• M&A
  • January 17, 2024
  • 3 minutes read

US Judge Blocks JetBlue-Spirit Airline Merger

A United States (U.S.) federal judge has blocked JetBlue Airways‘ purchase of rival Spirit Airlines after the Justice Department filed…

JetBlue Airways logo

A United States (U.S.) federal judge has blocked JetBlue Airways‘ purchase of rival Spirit Airlines after the Justice Department filed a lawsuit opposing the merger on antitrust grounds. A Massachusetts judge blocked the deal on Tuesday, marking a win for the Justice Department, which has lately flexed its muscles opposing deals it deems anti-competitive.

The Justice Department filed its lawsuit in March 2023, alleging that a JetBlue-Spirit merger will increase airfares and reduce air route choices for the public. The agency claimed JetBlue’s acquisition would eliminate the “Spirit Effect,” wherein Spirit’s presence in a market forces rivals to reduce fares.

  • Spirit Airlines previously agreed to merge with rival Frontier Airlines until JetBlue launched a hostile takeover bid, initially offering $3.2bn and raising its bid to $3.8bn.


  • JetBlue agreed to pay a $470mn breakup fee — $400mn to Spirit shareholders and $70mn to the company itself — if the deal was blocked on antitrust grounds.

Spirit Airlines is an ultra-low-cost airline operating across the U.S., the Caribbean and Latin America. JetBlue is a low-cost airline operating across the U.S., Canada, Mexico, the Caribbean, South America, and Europe.

Spirit has grown rapidly in recent years by offering cheap base fares and add-on fees for everything from carry-on luggage to seat assignments, boarding pass printing, and in-person check-in. However, it has struggled to turn a profit amid high operating costs and supply chain constraints.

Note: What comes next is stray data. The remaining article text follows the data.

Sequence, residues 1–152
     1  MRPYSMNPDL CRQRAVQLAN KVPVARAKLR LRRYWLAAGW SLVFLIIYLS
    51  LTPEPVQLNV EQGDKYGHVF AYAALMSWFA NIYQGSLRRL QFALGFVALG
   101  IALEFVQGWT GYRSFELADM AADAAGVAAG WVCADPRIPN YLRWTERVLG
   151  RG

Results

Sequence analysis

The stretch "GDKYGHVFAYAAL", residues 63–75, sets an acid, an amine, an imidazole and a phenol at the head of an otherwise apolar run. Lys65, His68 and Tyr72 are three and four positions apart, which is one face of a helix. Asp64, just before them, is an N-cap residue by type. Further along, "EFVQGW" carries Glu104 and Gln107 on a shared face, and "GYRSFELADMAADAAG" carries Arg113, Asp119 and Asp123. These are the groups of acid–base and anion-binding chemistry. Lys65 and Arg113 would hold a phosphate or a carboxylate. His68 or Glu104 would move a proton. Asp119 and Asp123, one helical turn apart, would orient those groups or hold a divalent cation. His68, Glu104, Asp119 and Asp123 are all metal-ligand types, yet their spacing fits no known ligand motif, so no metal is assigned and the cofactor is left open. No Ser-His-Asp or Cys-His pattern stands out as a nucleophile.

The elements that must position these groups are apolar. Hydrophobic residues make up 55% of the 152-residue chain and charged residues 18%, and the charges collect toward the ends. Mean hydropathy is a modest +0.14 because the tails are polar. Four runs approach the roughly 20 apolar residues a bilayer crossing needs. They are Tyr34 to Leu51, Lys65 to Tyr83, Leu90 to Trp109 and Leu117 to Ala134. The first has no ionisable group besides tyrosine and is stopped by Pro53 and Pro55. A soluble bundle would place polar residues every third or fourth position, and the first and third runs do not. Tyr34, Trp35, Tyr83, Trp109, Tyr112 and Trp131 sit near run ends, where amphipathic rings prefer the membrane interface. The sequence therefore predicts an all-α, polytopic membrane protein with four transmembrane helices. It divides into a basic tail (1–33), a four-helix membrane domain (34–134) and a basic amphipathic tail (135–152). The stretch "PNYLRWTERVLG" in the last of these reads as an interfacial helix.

Spirit’s shares fell 47% on Tuesday after the judge blocked the deal, while JetBlue’s shares rose 5%. The scuttled acquisition leaves Spirit with a few options as an independent company and at risk of bankruptcy.

Federal judge William Young said that a JetBlue-Spirit merger would place “stronger competitive pressure” on large domestic air carriers but that “the consumers that rely on Spirit’s unique, low-price model would likely be harmed.” He said the merger would increase Spirit’s fares and its ability to pressure competitors to reduce fares.

“The government has demonstrated that consumers value Spirit flights as a unique, economical product option,” Young said. “The removal of Spirit as an option for consumers, therefore, would constitute a cognizable harm.”

  • In a joint statement, JetBlue and Spirit said they were considering “next steps as part of the legal process.”


  • Both airlines can appeal the federal judge’s ruling. Notably, Young said he blocked the deal “as it currently stands” but didn’t grant the Justice Department’s request to prohibit any possible merger of the two companies. “The courthouse doors remain open, should the defendant airlines decide to try again,” he said.

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